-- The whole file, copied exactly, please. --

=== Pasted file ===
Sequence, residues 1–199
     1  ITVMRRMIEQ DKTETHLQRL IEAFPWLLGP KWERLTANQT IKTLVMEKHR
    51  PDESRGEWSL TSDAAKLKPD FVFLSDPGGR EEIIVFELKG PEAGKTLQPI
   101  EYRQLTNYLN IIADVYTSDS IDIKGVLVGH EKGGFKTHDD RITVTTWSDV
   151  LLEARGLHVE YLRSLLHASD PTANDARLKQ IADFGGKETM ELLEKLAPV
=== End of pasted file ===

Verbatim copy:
Sequence, residues 1–199
     1  ITVMRRMIEQ DKTETHLQRL IEAFPWLLGP KWERLTANQT IKTLVMEKHR
    51  PDESRGEWSL TSDAAKLKPD FVFLSDPGGR EEIIVFELKG PEAGKTLQPI
   101  EYRQLTNYLN IIADVYTSDS IDIKGVLVGH EKGGFKTHDD RITVTTWSDV
   151  LLEARGLHVE YLRSLLHASD PTANDARLKQ IADFGGKETM ELLEKLAPV